Sharon Robinson

Sharon Robinson

Senior Professor at University of Wollongong

Thursday, 13 October 2016 16:10

King George Island 2015 - The Science

This page is an overview of the sceince projects that I was involved with on our January 2015 trip to King George Island with INACH, the Chilean Antarctic Program. I was working with two Chilean scientists on this trip -

Angelica Casanova-Katny and Gustavo Zuniga.


Angelica is from  Centro de Biotecnología, Universidad de Concepción.

Gustavo is from the University of Santiago, Chile and his projects for this trip were....


Here is my introduction to the work from the field site at Collins Glacier on Maxwell Bay.





We also worked with a team of scientists from Portland State University including Dr Todd Rosentiel and Dr Sarah Eppley. Here is Todd talking about one part of his research.





Todd_Rosenstiel _KG1_scenttalk

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Monday, 10 October 2016 16:46

King George Island Trip 2015

In January of 2015 I went down to Chile's Escudero Base on King George Island with the Chilean Antarctic Program - INASCH. I was working with Angélica Casanova Katny of the Universidad de Concepción and Professor Gustavo Zuniger from Santiago University. My partner Andrew Netherwood accompanied us as the expedition photographer on this trip and most of the photos you see on this page are taken by him.

This page is mostly about King George Island and Escudero Base where we stayed. For the science projects that we were attempting to accomplish see this page.

Sunday, 01 February 2015 17:42

Climate Change Research in Antarctica

Antarctic Plants and Global Change

An Overview of my Antarctic Research Projects

Since plant growth in Antarctica is very slow, we use a range of chemical, molecular and physiological techniques to predict how terrestrial biodiversity in Antarctica will change as a result of climate change.

Our work is providing important insights into the biology of these plants that survive and grow in conditions equivalent to a freezer. Our research provides evidence that the Antarctic endemic moss Schisitidium antarctici is likely to be more susceptible to climate change than two co-occurring cosmopolitan species Ceratodon purpureus and Bryum pseudotriquetrum (Robinson et al 2005 PDF 681k, Wasley et al 2006 a, b).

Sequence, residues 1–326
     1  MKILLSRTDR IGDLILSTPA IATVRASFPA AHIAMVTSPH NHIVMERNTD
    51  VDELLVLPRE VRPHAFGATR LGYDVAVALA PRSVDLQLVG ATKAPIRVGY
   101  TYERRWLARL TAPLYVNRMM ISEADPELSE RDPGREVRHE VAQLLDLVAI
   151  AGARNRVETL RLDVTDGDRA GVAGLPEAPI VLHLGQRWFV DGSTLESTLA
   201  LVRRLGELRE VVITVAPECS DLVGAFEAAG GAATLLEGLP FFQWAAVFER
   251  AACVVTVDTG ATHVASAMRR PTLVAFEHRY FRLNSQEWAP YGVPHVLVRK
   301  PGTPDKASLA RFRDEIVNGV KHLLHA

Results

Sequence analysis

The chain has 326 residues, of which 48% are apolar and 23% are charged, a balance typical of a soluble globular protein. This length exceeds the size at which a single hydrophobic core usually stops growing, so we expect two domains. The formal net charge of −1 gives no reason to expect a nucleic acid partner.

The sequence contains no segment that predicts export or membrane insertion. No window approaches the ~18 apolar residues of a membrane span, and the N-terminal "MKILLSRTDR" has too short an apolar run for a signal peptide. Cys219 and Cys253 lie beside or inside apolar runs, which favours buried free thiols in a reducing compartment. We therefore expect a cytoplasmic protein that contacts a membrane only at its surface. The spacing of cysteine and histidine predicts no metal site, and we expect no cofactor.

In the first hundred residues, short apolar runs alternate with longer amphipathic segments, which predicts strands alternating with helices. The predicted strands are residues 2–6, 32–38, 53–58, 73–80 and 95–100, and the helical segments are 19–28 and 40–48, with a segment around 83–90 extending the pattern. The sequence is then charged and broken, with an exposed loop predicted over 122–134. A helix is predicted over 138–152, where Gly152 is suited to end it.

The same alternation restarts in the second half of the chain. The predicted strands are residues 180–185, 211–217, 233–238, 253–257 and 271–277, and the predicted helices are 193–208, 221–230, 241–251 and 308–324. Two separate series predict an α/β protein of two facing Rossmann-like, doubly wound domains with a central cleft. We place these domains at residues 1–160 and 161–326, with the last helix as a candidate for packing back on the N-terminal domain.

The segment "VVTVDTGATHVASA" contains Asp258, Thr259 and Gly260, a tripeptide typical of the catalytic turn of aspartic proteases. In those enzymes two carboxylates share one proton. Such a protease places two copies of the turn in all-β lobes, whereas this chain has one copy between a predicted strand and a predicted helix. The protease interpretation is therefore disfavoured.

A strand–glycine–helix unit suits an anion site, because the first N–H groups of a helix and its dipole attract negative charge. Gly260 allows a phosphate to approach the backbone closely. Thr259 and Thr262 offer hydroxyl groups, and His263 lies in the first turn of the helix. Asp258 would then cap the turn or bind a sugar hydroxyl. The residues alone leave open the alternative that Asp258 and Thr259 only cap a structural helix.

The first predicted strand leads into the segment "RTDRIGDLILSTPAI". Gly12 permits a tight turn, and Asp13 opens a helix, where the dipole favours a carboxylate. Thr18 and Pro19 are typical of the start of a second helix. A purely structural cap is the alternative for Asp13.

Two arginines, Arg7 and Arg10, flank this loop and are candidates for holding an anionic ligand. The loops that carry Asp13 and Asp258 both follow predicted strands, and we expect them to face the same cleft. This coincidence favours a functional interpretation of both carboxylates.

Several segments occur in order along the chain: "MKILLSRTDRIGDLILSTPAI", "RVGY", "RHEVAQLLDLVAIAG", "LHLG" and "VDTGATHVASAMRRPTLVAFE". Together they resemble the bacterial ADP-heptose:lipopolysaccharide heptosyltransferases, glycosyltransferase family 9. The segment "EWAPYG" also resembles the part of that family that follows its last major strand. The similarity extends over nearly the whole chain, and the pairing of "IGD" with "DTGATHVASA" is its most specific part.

Tuesday, 04 October 2016 17:39

Photosynthesis Research

L.I.F.T  Laser Induced Fluorescence transients



Plant Stress Ecophysiology

Using chlorophyll fluorescence to investigate plant stress

Physiological techniques can help to answer many questions in ecology, conservation biology and agriculture. These research areas involve collaboration with colleagues at Wollongong (weed ecophysiology - Kris French, Mangroves and salt marshes - Todd Minchinton) and around Australia (Phylloxera DPI Victoria and CSIRO Land and Water).

Plants and extreme events

Thursday, 29 September 2016 13:08


Brief History

I was born in London but did most of my growing up on the North Coast of Cornwall. I moved back to London to study Genetics & Botany at University College London (UCL) and graduated with a First Class Honours Degree. I then worked for two years in student poltics, first at UCL as a Sabbatical Officer running UCL Student's Union  and then as an Executive Officer of the UK National Union of Students. My portfolios included equity in education, antiracism, diversity and student welfare. I completed a Graduate Certificate in in Science Education at Kings College London and worked as a high school science teacher in a London before returning to UCL to start a PhD on plant nitrogen metabolism.


 sharon robinson portrait web s


Professional Experience


2020 -present

Deputy Director (Science Implementation), Securing Antarctica’s Environmental Future Program

2020 -present

Executive Director, Global Challenges Program, University of Wollongong

2018 -present

 Leader, Sustaining Coastal and Marine Zones, Global Challenges Program, University of Wollongong

2016 - present

Senior Professor, SEALS, The University of Wollongong

2016 - 2018

Associate Dean Graduate Research, University of Wollongong

2010 - 2015

Professor, Biological Sciences, The University of Wollongong


Deputy Director, Institute for Conservation Biology and Environmental Management, The University of Wollongong
Visiting Professor, University of Vienna
2005 - 2008
Director, Institute for Conservation Biology and Law, The University of Wollongong
2004-  2010
Associate Professor, Biological Sciences, The University of Wollongong
2000 - 2005
Head of Postgraduate Studies, School of Biological Sciences, The University of Wollongong
1999 - 2004
Senior Lecturer, Biological Sciences, The University of Wollongong